ROXBURY, NJ – Four incumbent Republican members of the Roxbury Mayor and Council were returned to their positions in today’s election while three newcomers were chosen for the township school board.

Roxbury Mayor Mark Crowley, Roxbury Councilman Bob DeFillippo, Roxbury Councilman Jim Rilee and Roxbury Councilwoman Jaki Albrecht easily won election to the township governing body.

The three men will return to their 3-year-long, at-large seats while Albrecht – chosen by the council in July to fill-in for former Roxbury Councilman Gary Behrens, who resigned, will represent Ward 2 for the remaining two years of Behrens’ 3-year term.

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It was an election that saw two Democrats, Lawrence Jones and Sean Cope, throw their hats in the ring but then do very little in terms of campaigning. Insiders described their candidacies as just "placeholders" on the ballot in the predominantly GOP municipality.

There was a bit more excitement in the non-partisan race for three, 3-year seats on the school board as Joseph Bocchino IV, Heather Champagne and Anne Colucci teamed up to run together under the Concerned Advocates for Roxbury Education (C.A.R.E.) banner. That left the other candidate, Eric Pilkington, as a lone wolf.

Despite that, Pilkington waged a good fight, receiving 2,148 votes, only 459 fewer than Bocchino. Colucci received 2,684 votes and Champagne – who lost a Democratic bid for Mayor and Council in 2015 – was the top school board election vote-getter with 2,985.

Roxbury attorney Heather Darling, a Republican, beat Democrat Rozella Clyde in the race for a seat on the Morris County Board of Chosen Freeholders. Darling received 70,853 votes to Clyde’s 52,980. Her election means that two of the seven freeholders are from Roxbury, the other being Kathryn DeFillippo.

Perhaps the most anxious and excited of all the local candidates was Colucci, a certified home health aide who’s lived in Roxbury for 22 years. She's lost two prior election bids, one for town council and one for school board. Throughout the day, and evening, Colucci seemed on the verge of tears as she dealt with the Election Day stress.

“We did this all on our own,” Colucci said, expressing relief after the final results were posted. “We would get up at 6 o’clock in the morning until we went to bed at night … This is a great team. We’re like family.”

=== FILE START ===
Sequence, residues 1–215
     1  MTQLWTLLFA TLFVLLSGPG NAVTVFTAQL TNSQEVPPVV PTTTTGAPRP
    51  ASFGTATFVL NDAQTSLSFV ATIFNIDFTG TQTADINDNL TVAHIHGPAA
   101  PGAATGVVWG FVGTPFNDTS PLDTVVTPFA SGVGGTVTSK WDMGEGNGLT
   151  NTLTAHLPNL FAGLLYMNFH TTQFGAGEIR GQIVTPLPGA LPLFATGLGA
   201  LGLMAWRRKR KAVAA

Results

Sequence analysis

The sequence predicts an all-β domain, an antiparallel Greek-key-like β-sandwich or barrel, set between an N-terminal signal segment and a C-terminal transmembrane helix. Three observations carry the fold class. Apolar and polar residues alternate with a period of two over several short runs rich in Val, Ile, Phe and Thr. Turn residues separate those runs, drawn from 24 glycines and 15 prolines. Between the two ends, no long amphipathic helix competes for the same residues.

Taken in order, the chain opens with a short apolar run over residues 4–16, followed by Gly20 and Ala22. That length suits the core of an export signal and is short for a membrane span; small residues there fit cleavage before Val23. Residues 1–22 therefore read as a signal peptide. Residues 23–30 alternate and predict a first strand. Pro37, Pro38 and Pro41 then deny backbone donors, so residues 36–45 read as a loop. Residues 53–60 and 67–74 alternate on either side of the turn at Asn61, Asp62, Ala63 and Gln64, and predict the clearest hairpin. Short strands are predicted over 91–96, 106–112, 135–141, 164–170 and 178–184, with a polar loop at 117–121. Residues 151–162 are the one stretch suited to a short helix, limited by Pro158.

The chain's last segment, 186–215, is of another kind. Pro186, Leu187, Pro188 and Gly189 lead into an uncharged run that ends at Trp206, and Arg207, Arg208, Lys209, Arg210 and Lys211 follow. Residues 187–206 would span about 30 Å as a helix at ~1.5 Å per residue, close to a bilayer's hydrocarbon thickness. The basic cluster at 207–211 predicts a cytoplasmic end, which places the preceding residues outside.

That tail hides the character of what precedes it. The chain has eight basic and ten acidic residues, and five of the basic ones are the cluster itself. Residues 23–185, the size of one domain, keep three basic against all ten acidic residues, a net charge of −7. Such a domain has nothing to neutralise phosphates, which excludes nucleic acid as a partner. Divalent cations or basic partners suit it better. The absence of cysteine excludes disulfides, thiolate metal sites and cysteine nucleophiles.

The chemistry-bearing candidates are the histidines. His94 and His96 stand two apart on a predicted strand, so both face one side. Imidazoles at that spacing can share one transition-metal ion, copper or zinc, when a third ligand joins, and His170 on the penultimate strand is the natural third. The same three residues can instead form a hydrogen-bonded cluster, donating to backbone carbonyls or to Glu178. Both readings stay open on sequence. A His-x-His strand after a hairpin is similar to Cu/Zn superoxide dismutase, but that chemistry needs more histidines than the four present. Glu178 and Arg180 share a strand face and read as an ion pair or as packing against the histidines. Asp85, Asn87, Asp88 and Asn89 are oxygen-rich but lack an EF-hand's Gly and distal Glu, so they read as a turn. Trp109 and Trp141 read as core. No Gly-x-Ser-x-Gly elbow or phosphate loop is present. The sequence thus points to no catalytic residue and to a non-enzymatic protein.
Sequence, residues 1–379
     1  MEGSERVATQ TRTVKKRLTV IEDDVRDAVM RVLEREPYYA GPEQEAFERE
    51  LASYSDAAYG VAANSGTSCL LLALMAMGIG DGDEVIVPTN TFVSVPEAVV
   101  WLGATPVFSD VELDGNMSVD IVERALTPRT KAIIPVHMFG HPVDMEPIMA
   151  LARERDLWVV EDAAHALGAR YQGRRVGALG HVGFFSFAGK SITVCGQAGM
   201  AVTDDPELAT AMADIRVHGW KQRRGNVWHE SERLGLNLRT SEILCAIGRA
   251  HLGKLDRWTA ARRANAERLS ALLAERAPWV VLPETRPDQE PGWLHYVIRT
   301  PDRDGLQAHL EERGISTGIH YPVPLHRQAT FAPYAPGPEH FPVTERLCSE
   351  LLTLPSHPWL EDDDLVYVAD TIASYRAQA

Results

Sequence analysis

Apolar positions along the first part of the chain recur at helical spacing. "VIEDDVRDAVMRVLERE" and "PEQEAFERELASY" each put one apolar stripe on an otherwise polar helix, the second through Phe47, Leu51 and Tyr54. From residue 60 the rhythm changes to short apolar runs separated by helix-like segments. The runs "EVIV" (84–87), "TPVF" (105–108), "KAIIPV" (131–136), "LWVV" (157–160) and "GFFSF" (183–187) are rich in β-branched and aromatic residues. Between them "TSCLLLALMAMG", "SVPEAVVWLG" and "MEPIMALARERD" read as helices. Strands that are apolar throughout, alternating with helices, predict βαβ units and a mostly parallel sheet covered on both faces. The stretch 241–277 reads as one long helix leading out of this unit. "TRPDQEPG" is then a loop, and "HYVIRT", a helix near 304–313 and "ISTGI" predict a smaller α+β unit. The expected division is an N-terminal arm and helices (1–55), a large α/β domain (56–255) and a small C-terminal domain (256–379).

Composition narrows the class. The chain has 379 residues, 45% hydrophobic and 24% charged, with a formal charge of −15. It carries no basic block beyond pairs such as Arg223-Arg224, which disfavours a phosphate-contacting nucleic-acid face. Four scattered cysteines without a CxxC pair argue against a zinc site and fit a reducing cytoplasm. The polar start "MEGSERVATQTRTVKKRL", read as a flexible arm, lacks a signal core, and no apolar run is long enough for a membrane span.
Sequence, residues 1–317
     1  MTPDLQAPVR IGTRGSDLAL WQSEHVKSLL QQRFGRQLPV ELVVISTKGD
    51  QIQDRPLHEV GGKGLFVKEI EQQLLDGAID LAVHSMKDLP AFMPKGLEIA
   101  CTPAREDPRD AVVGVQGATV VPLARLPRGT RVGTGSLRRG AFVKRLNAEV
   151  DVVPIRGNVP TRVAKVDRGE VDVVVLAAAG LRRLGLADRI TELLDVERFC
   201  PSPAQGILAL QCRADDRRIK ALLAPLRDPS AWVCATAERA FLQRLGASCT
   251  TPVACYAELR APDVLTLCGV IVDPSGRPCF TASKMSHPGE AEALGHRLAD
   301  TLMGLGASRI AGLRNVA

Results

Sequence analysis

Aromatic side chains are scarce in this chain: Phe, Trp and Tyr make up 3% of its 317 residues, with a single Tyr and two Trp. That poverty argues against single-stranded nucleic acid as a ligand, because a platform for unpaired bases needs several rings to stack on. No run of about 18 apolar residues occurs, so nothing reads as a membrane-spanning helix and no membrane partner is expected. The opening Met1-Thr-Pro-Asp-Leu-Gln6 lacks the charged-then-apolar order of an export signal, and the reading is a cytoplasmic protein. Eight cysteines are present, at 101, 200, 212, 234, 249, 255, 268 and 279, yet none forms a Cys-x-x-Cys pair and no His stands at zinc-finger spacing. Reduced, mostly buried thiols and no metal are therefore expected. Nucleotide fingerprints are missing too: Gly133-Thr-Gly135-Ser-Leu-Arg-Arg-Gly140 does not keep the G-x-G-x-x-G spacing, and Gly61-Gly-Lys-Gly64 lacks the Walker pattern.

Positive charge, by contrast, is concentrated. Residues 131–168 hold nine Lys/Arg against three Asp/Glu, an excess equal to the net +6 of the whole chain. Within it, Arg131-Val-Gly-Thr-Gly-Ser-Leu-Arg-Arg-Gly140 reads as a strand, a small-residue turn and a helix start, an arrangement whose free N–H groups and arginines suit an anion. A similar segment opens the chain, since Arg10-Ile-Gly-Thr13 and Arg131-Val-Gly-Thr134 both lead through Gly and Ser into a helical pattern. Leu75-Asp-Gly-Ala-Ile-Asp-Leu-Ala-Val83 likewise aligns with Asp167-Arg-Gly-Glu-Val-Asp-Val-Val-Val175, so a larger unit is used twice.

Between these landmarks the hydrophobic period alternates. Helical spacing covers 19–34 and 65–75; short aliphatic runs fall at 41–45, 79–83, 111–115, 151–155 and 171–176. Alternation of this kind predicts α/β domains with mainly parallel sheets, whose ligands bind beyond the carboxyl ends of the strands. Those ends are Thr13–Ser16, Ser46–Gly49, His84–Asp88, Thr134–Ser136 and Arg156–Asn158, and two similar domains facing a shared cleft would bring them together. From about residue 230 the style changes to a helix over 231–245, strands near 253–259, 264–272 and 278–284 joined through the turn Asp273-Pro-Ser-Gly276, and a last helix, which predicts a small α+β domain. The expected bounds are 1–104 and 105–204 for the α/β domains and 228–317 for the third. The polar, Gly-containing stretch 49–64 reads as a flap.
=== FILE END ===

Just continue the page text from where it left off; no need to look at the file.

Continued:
Champagne said she thought her 2015 run for council helped her in the school board race. "The first time running, there were a lot of things that I didn't know how to do," she said. "I'm grateful for the prior experience, not only because it gave me some insight as to how to run a campaign properly but also because it got me some name recognition ... I'm grateful to my ward and everybody who's come out to support us."

Pilkington said he was  "obviously disappointed" with the results. "But, despite the loss, I think my impact will be felt," he said. "I brought a lot of unique and progressive ideas to the table and I hope that our board will take a few and run with them. I am humbled by the support I had throughout my campaign. Despite the result, I will continue to be a voice and an advocate for our schools. I wish Ann, Heather, and Joe the best of luck."

DeFillippo and Rilee said they were glad about the turnout, especially since it was a cold and rainy day. The township has about 15,500 registered voters and about 6,700 cast ballots. “Once again, the Roxbury residents demonstrated they’re well-informed and engaged,” DeFillippo said. “I want to thank everybody, all who came out today, regardless of who they voted for. It makes me proud to be part of this community.”

According to the Morris County Clerk's Office, DeFillippo received 4,358 votes; Rilee received 4,255 votes; Crowley received 4,375 votes; Jones received 2,210 votes; Albrecht received 946 votes and Cope received 474 votes.